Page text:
It is tempting to speculate that the known three homeotic pathways are sufficient to specify floral organs and that, in their absence, only vegetative organs can form. The developmental ground state, however, appears not to be entirely vegetative, since the organs in the first and fourth whorls of ap2-2 ag-1 flowers are carpelloid leaves. If these organs indeed exhibit the developmental ground state, all floral organs should be carpelloid leaves in the triple mutant, in which all three of the homeotic pathways are blocked. This prediction is also confirmed; all organs in ap2-2 ag-1 pi-1 are carpelloid leaves (Figs 7C, 8C).

Each of these genes appears to control the specification of organ identity by regulating genes that are involved in the production of cellular and morphological characteristics of the different organ types, and not by directly specifying the final differentiation products. This is clear from the fact that organ types removed by single mutations may be partly restored by additional mutations. For example, ag mutants have no stamens, but in ap2 ag doubly mutant strains, the second and third whorl organs are in many respects staminoid. Another example is that single ag mutants have no carpelloid structures, but such structures are found in the ap2-2 ag-1 pi-1 triply mutant strain.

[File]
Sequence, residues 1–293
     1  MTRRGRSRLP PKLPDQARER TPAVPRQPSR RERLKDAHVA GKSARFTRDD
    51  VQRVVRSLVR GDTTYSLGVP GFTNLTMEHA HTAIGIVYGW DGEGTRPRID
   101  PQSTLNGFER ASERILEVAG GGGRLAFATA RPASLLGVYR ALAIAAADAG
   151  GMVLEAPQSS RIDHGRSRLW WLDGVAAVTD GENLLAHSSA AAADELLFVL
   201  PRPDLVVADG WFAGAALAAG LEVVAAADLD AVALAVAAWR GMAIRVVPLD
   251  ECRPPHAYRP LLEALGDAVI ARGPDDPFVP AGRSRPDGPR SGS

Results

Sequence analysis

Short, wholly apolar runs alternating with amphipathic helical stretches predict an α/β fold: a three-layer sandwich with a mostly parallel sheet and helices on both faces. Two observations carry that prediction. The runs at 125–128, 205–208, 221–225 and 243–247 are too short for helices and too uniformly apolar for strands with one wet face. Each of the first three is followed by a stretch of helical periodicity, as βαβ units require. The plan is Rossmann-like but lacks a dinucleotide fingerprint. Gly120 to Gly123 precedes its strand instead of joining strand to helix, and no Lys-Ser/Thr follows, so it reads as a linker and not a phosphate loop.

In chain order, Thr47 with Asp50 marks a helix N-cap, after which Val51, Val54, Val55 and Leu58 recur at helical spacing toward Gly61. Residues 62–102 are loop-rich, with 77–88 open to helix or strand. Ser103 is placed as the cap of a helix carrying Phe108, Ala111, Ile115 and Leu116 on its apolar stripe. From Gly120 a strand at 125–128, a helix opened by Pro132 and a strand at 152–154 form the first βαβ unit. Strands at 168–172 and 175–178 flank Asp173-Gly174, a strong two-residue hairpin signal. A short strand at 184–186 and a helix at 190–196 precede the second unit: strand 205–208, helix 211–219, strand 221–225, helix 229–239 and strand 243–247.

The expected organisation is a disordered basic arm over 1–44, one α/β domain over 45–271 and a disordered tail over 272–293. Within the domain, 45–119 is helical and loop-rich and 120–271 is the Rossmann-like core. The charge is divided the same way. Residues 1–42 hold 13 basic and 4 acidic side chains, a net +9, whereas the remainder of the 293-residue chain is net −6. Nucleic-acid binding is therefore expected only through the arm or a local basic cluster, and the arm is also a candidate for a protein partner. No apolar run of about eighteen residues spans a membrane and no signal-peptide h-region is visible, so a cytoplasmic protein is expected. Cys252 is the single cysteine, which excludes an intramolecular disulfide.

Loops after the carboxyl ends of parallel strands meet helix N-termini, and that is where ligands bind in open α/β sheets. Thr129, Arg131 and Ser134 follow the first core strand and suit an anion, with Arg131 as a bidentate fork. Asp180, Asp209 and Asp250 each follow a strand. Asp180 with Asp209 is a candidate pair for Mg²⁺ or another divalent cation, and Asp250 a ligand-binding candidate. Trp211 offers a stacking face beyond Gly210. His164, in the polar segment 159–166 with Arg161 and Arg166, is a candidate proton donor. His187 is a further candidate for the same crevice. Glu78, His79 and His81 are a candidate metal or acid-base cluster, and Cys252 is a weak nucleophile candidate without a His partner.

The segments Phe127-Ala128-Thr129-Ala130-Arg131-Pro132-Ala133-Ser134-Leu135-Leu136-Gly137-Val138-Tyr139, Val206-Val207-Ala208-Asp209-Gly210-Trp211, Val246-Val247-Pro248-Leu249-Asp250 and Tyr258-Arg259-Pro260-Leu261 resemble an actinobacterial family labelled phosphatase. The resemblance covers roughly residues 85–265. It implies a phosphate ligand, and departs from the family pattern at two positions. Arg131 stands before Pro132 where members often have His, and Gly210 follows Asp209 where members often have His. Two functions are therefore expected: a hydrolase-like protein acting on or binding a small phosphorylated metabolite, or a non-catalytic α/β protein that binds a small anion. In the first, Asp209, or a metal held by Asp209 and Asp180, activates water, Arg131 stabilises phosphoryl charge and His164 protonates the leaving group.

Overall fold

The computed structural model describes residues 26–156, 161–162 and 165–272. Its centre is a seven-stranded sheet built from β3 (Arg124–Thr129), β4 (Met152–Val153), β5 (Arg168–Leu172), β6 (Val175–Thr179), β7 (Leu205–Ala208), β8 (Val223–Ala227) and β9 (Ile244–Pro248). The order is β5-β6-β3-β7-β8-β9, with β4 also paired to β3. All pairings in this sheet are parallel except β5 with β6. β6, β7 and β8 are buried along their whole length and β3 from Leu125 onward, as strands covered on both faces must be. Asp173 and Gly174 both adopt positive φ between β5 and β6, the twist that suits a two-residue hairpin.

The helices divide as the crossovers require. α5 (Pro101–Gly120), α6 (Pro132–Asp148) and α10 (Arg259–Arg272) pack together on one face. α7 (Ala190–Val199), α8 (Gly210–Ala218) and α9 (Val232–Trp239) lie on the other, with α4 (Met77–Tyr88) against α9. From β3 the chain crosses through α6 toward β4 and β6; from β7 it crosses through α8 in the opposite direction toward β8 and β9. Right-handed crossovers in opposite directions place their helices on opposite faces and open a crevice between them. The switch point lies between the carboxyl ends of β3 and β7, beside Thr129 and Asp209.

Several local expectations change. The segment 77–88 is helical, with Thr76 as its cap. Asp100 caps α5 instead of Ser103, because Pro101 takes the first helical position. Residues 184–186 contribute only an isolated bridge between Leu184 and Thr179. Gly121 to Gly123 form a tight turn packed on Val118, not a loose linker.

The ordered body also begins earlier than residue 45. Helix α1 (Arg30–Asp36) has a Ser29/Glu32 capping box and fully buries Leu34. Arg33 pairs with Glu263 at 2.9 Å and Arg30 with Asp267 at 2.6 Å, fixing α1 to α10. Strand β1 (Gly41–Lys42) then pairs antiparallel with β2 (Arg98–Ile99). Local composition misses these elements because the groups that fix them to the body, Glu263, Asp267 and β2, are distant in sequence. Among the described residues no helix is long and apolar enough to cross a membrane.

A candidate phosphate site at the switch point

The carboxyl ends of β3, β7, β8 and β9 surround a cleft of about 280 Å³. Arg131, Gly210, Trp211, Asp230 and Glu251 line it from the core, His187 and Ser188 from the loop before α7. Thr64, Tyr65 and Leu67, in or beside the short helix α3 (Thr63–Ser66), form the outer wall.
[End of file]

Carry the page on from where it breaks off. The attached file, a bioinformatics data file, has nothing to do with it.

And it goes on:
ap2-l: a special case

The phenotypes of ap2-l flowers seem to refute the organ specification model: the first whorl of ap2-l flowers is composed of leaves with few carpel characteristics, not the carpels predicted by the model. This apparent exception could be explained by proposing that in the ap2-1 allele, only one of the two proposed functions of AP2 has been significantly affected. According to our model, AP2 has two functions: one is to prevent AG from acting in the outer two whorls (field A), and the other is to affect directly the expression of the genes that lead to the differentiated phenotypes of sepals and petals. If the ap2-1 gene product fails to activate downstream genes, yet still prevents activity of AG in whorl 1, none of the three classes of homeotic genes would be active in whorl 1. The model would therefore predict the development of carpelloid leaves in these positions; this is what is observed in ap2-l flowers grown at 29 °C (Bowman et al. 1989).